Are there any additional comments you’d like to add?

I again want to thank you. I hope my comments will help anyone who is considering marrying a Saudi. I’m sorry my comments have been very negative. I have been very honest. There are some good ones out there for sure but I don’t believe there are many.

I want to thank you for sharing with American Bedu and discussing such a sensitive topic.  I sincerely wish you all the best and that you do find happiness and peace in your life.

Saudi Arabia/Austria: King Abdullah funds Vienna Center

In July 2008 many scoffed when King Abdullah, partnered with King Juan Carlos of Spain, hosted the National Dialogue in Madrid towards opening up discussion and minds of differing religions and practices.  The naysayers said it was just another opportunity for King Abdullah to appear as if he were making progressive reforms in allowing Saudis to discuss religions other than Islam.  Naysayers further declared with confidence, “Nothing will come of this Madrid initiative.  After a few weeks it will be all but forgotten.”

When will naysayers begin to learn and believe that King Abdullah is a man of his word and of his honor?  When will naysayers recognize that King Abdullah is 86 years old yet has a progressive mind?  In fact, a recent article in Arab News highlights more ways which King Abdullah will be remembered for his word, generosity and open mind.

In a few weeks, the King Abdullah Interfaith Dialogue Center will open in Vienna, Austria as a recommendation made during the National Dialogue held in Madrid back in 2008.  The Center’s aim is to continue to foster greater understanding and awareness between differing faiths and cultures which were initially highlighted in Madrid.

The Center will host seminars, conferences, dialogues and other events bringing together individuals of different backgrounds and faiths.  King Abdullah is a visionary who understands that without taking the first steps towards reaching out to one another in spite of perceived or real differences, there can be no progress towards global peace and stability.

What specific topics would you like to see discussed at the Center or organized by the Center?  Do you think Vienna is a good neutral location of an Interfaith Center?  And last but certainly not least, what is YOUR definition of an International Interfaith Dialogue Center?

Saudi Arabia: Can a Non-Muslim Enter a Mosque?

 

One thing that will likely stand out to a non-Muslim expatriate in Saudi Arabia are the number of mosques.  For example, from my villa in Riyadh there were no less than 8 mosques within a three minute walk of each other.  This is not a coincidence either.  Part of the custom and tradition in Saudi Arabia is for each neighborhood to have a minimum of one mosque.  For many, one of the greatest honors is to be able to build a mosque in honor of a loved one who has passed away.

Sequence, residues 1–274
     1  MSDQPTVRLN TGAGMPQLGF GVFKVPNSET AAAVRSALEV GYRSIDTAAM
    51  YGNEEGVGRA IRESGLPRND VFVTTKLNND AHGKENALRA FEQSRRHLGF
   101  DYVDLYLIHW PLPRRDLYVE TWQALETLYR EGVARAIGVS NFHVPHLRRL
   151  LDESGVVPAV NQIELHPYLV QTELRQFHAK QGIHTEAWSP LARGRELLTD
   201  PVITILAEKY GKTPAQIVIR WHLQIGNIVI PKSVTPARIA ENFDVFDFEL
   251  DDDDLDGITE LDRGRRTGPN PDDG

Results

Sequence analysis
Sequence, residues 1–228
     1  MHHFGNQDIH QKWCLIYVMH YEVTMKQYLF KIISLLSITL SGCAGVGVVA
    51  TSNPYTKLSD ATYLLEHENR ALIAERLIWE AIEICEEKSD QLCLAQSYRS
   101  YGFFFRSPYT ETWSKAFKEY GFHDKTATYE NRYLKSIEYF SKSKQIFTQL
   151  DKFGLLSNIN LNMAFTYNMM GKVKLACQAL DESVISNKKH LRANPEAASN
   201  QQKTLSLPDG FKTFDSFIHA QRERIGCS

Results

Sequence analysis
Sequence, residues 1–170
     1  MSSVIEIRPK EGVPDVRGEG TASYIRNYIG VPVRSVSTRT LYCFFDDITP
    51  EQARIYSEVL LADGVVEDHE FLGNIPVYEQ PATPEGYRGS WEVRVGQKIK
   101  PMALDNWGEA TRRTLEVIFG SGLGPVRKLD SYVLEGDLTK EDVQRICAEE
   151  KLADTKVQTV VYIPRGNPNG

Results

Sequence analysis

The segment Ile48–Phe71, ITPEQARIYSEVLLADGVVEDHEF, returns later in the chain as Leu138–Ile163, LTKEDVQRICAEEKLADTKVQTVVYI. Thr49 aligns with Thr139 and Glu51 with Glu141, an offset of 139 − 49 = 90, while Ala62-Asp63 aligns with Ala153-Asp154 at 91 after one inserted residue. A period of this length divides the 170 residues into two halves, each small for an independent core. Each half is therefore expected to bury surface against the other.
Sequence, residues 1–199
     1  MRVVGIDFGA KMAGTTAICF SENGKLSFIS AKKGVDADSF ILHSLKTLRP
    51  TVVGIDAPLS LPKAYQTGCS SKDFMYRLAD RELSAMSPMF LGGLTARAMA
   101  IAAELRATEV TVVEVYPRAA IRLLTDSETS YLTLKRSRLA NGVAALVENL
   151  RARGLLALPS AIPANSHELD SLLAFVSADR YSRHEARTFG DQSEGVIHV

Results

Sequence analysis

But, can a non-Muslim expatriate enter a mosque in Saudi Arabia?  After all, non-Catholics can enter the Vatican and non-Christians are welcomed at churches around the world.  While the holy mosques of Makkah and Medina are off-limits to non-Muslims, the rest of the country and its mosques are open.  However, there are protocols which must be followed.

Any expatriate, male or female, should enter a mosque clean.  A woman’s face should be free of make-up. As a non-Muslim it is recommended that he or she not enter the mosque during the time of prayer but rather between prayer times.  Similar to entering a church, he or she should be respectful and quiet.

First of all, for a woman, not every mosque will necessarily have a women’s section.  However if there is a women’s section then it would be okay to enter.  A woman must be properly covered and in this case she should not only wear the abaya but also have her hair properly covered and tucked away in her hijjab.  She should not forget to take off her shoes for individuals enter the mosque either barefoot or wearing socks. I recommend after entering, she kneel down on her knees and quietly take in the essence and ambiance.  It is NOT appropriate to take photographs from within a mosque, especially if it is a local neighborhood mosque.

The non-Muslim expatriate man should also be properly dressed.  He does not need to wear a thobe but he should be wearing pants which fall below the knee.  Sleeveless shirts or tank tops are not appropriate.  The man should also remove his shoes and leave them outside before entering.  Just like a women’s section, he should not take photographs or talk loudly.

Be sensitive to where you are and what is going on around you before choosing to enter a mosque.  If you are in an area unknown to you, then it may be better not to enter a mosque until you are more familiar with the area and surroundings.  If entering a mosque and there are Muslims inside, if you are given looks of suspicion or feel like you are intruding, then quietly exit.